The countercyclical asset, a continuing series

by on October 4, 2008 at 7:19 am in Current Affairs | Permalink

Nicer than tasers:

Mr. Borg, past
president of the North American Securities Administrators Association,
adds that in past market downturns he saw people turn to chinchillas, worm farms and super-breeds of rabbits.
Emus, too, were big. "Eventually, people got tired of them and just let them go," he says. "To this day, you’ll be in West Texas and a big
emu running wild will just come up next to your car."

Here is the link and thanks to John De Palma for the pointer.  The National Alpaca Registry is doing well:

Peggy Parks, a 49-year-old auditor in Johnstown, Pa., turned to an
unusual farm animal. "I’ve lost a fortune in stocks, and my 401(k) is
falling through the floor. I feel comfortable in alpacas," she says.
She invested $56,000 in a small herd that she believes has a better
outlook than most mutual funds because of the animals’ breeding
potential.

Alpaca

Anonymous October 4, 2008 at 7:58 am

Next up, feral alpacas!

Anonymous October 4, 2008 at 8:05 am

Nicer than tasers:

Except you don’t have to feed a taser.

Melpomene October 4, 2008 at 8:55 am

Gorgeous animals.

Anonymous October 4, 2008 at 9:08 am

Welcome to the next bubble.

Yan Li October 4, 2008 at 10:26 am

wow, I’ve never thought that economic slowdown could trigger evolutional regression like this — urban dwellers are turning into nomads.

Affe October 4, 2008 at 10:49 am

“…their wool is not very desirable for clothes”

Ahem… do tell.

Danny Toone October 4, 2008 at 11:41 am

I have actually looked quite seriously into alpaca breeding as an investment. As of right now, it looks like an amazing investment. But it also exhibits a lot of symptoms of economic bubbles. Right now, the cost to buy a new alpaca that is breeder worthy outstrips the value of its wool multiple times over. The wool is fairly valuable, but the rising prices of the animals I believe will eventually lead to overbreeding, a significant decline in alpaca wool prices, and a huge drop in the market.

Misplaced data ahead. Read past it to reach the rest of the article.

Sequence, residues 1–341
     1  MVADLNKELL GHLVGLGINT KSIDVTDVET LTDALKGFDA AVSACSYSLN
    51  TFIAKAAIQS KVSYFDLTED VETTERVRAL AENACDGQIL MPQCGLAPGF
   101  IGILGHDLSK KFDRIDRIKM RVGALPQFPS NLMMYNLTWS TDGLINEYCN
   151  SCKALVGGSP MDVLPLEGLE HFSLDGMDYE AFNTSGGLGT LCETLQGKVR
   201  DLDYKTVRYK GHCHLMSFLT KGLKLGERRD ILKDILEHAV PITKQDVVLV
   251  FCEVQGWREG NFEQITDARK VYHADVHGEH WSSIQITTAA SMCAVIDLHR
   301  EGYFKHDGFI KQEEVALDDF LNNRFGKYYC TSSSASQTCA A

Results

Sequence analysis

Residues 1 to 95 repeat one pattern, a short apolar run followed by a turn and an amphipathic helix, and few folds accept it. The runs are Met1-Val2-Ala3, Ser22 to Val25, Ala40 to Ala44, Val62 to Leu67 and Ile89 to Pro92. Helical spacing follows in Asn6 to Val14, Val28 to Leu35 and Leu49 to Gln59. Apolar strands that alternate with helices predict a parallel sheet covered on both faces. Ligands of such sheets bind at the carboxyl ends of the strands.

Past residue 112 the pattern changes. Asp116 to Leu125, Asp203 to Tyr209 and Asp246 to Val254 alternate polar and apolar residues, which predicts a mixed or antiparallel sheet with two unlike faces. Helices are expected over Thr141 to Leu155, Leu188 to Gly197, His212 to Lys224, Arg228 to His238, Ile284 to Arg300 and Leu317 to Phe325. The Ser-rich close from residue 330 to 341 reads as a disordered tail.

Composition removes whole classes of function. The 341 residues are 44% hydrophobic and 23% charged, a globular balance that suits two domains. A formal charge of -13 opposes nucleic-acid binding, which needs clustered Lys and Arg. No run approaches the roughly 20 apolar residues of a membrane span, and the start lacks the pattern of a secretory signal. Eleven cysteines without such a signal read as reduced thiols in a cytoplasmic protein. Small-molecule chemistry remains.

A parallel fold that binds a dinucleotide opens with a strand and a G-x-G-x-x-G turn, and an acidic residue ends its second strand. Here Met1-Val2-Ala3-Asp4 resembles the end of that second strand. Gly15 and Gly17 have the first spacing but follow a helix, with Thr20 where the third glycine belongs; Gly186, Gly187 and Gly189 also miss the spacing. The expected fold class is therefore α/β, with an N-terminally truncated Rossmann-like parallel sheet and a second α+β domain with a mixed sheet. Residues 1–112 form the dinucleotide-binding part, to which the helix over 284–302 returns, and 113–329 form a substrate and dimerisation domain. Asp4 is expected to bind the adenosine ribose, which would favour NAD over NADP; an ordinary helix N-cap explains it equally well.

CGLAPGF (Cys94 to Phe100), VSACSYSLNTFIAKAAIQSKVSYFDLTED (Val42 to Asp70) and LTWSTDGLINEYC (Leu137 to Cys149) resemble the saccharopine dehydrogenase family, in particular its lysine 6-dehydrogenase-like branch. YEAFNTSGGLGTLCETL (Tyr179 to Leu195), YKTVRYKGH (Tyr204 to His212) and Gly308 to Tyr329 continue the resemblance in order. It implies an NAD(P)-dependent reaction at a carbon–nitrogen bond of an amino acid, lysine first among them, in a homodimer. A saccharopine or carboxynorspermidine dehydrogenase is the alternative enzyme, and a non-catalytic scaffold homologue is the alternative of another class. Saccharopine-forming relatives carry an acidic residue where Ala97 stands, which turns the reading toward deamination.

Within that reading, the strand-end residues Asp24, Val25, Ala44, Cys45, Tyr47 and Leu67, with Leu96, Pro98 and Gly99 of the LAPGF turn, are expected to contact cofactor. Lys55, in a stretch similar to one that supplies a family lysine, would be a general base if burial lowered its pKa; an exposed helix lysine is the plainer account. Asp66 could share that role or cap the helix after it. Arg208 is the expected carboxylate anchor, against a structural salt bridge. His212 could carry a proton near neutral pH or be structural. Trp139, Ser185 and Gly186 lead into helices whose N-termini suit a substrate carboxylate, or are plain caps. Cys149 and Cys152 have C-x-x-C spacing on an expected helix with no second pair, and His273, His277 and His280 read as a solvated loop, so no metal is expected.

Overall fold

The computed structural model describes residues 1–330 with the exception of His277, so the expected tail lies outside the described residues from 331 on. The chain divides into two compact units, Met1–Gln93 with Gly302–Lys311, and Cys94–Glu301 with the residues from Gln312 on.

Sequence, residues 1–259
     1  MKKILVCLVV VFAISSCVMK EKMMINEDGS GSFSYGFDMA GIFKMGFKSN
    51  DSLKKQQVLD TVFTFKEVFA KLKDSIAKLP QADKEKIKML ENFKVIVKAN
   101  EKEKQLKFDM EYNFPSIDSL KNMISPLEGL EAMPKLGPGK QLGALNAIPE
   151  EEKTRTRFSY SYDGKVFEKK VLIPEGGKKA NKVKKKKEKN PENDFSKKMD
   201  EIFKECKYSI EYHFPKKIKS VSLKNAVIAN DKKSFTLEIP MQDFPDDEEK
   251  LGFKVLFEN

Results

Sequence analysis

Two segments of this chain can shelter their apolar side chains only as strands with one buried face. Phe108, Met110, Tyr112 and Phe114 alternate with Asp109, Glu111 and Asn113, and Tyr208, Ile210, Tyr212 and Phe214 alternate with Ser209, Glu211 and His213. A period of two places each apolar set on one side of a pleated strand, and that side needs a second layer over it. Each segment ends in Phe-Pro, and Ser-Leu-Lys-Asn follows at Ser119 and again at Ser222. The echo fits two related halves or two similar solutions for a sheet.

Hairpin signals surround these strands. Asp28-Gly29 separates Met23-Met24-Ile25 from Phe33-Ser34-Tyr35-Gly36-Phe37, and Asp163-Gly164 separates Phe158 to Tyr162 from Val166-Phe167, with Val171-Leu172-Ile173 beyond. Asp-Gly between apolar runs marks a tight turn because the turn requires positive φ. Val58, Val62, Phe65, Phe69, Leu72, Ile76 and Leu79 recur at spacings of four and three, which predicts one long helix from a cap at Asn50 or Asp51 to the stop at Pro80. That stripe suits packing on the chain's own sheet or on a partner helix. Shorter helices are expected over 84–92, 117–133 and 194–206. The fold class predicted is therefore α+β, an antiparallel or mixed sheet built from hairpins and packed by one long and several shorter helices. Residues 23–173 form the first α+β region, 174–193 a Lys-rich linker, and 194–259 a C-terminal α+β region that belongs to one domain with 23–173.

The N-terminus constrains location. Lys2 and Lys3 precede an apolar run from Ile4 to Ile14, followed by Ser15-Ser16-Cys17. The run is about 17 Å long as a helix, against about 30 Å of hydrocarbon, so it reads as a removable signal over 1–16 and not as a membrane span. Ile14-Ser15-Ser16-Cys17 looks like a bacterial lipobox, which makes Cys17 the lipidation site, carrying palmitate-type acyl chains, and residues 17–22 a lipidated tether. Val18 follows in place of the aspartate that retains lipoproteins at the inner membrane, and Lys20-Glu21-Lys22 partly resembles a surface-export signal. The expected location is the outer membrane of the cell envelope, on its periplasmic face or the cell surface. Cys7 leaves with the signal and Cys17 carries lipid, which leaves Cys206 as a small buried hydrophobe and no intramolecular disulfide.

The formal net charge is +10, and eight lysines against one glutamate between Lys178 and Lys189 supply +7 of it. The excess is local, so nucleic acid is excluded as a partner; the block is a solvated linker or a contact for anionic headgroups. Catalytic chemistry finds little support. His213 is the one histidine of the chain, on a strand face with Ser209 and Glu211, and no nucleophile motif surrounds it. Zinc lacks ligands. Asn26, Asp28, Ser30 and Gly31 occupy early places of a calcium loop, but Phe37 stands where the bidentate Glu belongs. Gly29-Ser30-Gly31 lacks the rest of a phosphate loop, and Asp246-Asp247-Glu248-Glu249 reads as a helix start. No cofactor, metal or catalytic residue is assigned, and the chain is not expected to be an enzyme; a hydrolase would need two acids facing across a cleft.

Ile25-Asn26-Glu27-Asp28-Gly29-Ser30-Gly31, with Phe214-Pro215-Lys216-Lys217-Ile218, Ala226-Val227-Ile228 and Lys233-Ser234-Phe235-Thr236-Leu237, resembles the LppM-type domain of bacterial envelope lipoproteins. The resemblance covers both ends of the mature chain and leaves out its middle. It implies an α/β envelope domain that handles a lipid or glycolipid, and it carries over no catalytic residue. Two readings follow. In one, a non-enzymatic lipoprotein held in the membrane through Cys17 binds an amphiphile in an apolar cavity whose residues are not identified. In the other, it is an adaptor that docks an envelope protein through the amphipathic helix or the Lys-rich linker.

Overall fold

Speaking from my own non-economist brain, when the price of an asset is the only redeeming quality of an asset, watch out. When an investment home could no longer find renters and provide rental income, we saw the housing market collapse. When people finally realized that buying EVERYTHING online was not in their future, the dotcom bubble burst. There will be a point where wool prices will drop so low that nobody will be able to recoup their investment without selling the asset, and alpacas will become pets…pets that happen to be more expensive than horses. And you can’t ride them.

dearieme October 4, 2008 at 2:30 pm

It’s claimed in Britain that you should keep a couple of alpacas, or llamas, with your flock of sheep, because they are good at chasing away foxes and dogs.

Affe October 4, 2008 at 4:24 pm

“Llamas also calm down goats, during those times that goats need calming.”

Kinky… I like it.

shawn October 4, 2008 at 6:06 pm

I owe Tyler $5 for the laugh I got off this sole alpaca picture. The comedy, however, is coupled with Napolean Dynamite, so maybe I owe them a bit too. Next time you’re on the 4th floor at Merc, Tyler, come down to 433m to collect your $5.

Thelonious_Nick October 6, 2008 at 12:37 pm

If you think things could go really, really wrong with the economy, there’s something to be said for assets that you can eat and wear.

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tina May 15, 2009 at 8:14 pm

I haven’t seen it before

anna May 15, 2009 at 8:23 pm

it is beautiful

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